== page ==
In an alternate embodiment, first section 14 and second section 16 are fabricated as flat plates having no ridges 52, 54, 56, or 58. The distance between these plates is smaller than one wavelength of the signal originating in cavity 72 so that adjacent transponder antennas are effectively decoupled for purposes including manufacturing acceptance testing. In such an embodiment, first section 14 and second section 16 sandwich the sheet therebetween.
In a preferred embodiment, each transponder is formed within a square contour and each cavity has a matching square cross section so that transponders are isolated each one at its contour. In this sense, a contour extends through both films 44 and 46 to circumscribe one transponder. In a mathematical sense, a contour is defined on a surface. Since top film 44 has an upper surface, a first contour is defined on that top surface. Since bottom film 46 has a bottom surface, a second contour is defined on that bottom surface. The square cavity formed by ridges 54 and 58 in the second section is circumscribed by a third contour in the plane defined by the tops of the ridges on which the sheet is positioned. Thus, alignment includes positioning the sheet and the fixture so that the third contour formed on ridges 54 and 58 touches the sheet at the second contour on the bottom of film 46. When properly aligned, the first section, having a similar fourth contour on ridges 52 and 56, touches the first contour on the top of film 44. In a preferred embodiment, the first and second contours are directly opposed through the sheet. In alternate embodiments, ridges 52 and 54 touch film 44 along a sloped, concave, notched, or stepped surface for greater isolation. In such embodiments, important contours are not necessarily directly opposed.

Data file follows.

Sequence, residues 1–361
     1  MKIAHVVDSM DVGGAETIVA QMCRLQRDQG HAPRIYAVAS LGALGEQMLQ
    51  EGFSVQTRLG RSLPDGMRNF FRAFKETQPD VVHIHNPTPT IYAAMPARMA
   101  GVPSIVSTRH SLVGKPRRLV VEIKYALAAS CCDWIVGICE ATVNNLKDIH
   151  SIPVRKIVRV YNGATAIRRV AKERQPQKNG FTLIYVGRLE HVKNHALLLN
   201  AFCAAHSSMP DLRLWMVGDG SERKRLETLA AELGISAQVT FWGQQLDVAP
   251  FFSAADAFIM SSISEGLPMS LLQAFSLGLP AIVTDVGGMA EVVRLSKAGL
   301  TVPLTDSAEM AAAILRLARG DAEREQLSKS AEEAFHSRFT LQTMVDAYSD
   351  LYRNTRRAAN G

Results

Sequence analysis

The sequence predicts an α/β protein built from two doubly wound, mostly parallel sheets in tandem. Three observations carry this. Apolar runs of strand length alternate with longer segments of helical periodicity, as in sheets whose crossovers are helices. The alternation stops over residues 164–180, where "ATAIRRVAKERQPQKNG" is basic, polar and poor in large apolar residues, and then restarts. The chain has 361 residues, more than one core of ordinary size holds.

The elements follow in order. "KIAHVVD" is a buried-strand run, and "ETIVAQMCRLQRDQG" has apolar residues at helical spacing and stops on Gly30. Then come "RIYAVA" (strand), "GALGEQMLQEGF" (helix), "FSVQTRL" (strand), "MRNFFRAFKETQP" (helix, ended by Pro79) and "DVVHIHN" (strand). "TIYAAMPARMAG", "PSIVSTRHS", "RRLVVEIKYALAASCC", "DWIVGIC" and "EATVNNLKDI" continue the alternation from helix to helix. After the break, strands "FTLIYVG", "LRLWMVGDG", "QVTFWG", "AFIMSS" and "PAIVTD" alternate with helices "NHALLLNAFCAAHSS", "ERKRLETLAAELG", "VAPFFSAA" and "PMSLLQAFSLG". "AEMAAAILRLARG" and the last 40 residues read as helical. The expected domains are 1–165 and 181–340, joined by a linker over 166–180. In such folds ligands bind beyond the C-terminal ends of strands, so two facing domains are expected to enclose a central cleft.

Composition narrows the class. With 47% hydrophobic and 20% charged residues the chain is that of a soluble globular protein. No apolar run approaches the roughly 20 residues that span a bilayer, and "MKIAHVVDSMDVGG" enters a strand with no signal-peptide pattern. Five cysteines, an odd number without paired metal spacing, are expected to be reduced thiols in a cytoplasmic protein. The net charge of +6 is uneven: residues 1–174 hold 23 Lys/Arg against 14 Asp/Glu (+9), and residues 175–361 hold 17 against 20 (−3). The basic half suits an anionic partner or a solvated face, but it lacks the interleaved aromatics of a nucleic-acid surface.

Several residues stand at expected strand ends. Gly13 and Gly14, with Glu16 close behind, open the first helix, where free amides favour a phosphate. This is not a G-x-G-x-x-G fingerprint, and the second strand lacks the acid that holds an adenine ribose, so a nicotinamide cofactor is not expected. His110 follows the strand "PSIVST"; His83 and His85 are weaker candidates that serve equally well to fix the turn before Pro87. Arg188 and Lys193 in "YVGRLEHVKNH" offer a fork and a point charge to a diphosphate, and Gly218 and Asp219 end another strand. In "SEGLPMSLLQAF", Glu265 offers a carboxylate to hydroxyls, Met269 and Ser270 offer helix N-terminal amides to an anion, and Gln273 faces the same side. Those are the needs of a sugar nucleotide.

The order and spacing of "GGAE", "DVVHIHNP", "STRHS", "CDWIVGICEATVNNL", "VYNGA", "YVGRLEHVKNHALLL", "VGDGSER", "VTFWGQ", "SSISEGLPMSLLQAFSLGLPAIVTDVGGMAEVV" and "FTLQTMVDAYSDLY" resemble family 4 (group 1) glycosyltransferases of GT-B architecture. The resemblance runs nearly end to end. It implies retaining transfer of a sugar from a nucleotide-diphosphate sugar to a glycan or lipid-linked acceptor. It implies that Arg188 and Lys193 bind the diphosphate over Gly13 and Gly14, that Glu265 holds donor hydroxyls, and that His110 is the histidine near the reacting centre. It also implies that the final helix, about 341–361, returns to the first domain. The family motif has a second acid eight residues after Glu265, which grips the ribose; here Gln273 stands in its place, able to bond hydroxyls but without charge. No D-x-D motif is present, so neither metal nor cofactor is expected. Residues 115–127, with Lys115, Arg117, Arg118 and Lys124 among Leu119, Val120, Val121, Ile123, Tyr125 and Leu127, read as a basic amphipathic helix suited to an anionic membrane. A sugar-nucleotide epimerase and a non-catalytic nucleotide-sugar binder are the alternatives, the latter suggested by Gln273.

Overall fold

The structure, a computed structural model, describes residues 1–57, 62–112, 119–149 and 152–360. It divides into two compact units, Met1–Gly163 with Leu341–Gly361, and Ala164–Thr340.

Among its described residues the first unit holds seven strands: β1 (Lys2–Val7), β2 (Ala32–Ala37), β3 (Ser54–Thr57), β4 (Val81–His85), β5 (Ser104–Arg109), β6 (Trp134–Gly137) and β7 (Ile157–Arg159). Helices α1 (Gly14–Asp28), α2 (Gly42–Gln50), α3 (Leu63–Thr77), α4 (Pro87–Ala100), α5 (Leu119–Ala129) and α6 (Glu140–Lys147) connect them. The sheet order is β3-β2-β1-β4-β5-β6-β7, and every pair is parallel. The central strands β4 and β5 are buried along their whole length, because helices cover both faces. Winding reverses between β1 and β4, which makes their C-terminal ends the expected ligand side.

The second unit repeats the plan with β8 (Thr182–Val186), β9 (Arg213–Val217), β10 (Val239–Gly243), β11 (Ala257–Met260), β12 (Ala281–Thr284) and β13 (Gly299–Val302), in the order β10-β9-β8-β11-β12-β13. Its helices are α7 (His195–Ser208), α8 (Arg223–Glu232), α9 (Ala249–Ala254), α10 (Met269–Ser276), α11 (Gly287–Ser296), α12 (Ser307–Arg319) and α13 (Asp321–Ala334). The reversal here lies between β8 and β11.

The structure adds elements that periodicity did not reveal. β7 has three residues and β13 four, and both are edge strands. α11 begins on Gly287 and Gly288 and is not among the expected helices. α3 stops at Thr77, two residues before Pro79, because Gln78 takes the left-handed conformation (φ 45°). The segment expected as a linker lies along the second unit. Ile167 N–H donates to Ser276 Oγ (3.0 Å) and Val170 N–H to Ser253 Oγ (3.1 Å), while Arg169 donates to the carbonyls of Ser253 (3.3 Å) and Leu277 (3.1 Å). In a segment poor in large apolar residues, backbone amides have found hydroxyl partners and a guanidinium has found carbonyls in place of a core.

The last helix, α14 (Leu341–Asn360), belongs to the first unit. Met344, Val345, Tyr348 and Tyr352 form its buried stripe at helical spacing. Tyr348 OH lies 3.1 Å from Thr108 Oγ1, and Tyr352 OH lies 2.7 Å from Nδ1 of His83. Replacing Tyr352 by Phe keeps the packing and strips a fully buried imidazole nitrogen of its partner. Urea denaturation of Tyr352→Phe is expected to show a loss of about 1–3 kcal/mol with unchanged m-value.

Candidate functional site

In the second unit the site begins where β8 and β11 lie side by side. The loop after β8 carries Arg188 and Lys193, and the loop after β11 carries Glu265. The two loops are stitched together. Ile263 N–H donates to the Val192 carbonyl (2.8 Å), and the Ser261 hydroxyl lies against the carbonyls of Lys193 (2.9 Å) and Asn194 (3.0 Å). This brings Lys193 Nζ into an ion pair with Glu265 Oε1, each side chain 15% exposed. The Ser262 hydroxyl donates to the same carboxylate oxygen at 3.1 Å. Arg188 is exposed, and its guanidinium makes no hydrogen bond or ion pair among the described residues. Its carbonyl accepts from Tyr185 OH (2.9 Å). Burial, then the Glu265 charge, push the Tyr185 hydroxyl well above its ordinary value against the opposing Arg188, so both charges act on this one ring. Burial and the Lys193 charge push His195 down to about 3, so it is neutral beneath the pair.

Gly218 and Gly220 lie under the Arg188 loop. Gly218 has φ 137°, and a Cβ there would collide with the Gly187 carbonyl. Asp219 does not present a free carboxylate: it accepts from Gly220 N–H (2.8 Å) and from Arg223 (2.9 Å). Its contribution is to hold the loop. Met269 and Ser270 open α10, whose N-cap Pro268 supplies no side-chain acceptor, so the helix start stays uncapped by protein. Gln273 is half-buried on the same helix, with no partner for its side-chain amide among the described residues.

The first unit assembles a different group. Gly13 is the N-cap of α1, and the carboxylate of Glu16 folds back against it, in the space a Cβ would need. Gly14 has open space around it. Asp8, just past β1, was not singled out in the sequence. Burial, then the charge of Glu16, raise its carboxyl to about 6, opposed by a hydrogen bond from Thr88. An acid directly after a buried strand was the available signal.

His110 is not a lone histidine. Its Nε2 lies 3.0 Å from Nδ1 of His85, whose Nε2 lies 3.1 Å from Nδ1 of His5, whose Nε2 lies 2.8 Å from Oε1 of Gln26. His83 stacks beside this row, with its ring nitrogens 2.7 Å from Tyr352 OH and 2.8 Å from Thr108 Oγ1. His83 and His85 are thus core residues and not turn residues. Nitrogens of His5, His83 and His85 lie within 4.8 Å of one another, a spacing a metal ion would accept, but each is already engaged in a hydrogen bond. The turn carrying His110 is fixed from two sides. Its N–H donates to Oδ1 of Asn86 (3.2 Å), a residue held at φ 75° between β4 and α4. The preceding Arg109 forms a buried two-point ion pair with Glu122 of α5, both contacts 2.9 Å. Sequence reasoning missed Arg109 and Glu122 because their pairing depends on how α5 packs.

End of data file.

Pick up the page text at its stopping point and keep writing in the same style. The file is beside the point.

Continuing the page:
Transponder 51 is identical to transponder 12 as previously described. Transponder 51 is of the type described as an enclosed transceiver in U.S. patent application Ser. No. 08/123,030, filed Sep. 14, 1993, incorporated herein by reference. The cross-sectional view of transponder 51 shows integrated circuit 48 and battery 50 between film 44 and film 46. Integrated circuit 48 includes the transceiver circuitry of transponder 51. Battery 50, in one embodiment, includes a metal surface coupled to operate as part of the antenna for the transceiver circuitry. Additional conductive traces on film 44 and film 46 cooperate for coupling battery power to integrated circuit 48 and for operation as part of the antenna for the transceiver. Films 44 and 46 are sealed to each other around a contour that encircles integrated circuit 48 and battery 50. In one embodiment, the seal is made by embossing so that the thickness of films 44 and 46 is reduced as shown at seal 42. After testing, transceiver 51 is separated from the sheet by cutting through films 44 and 46 at a point outside seal 42 so that transceiver 51 remains sealed after testing.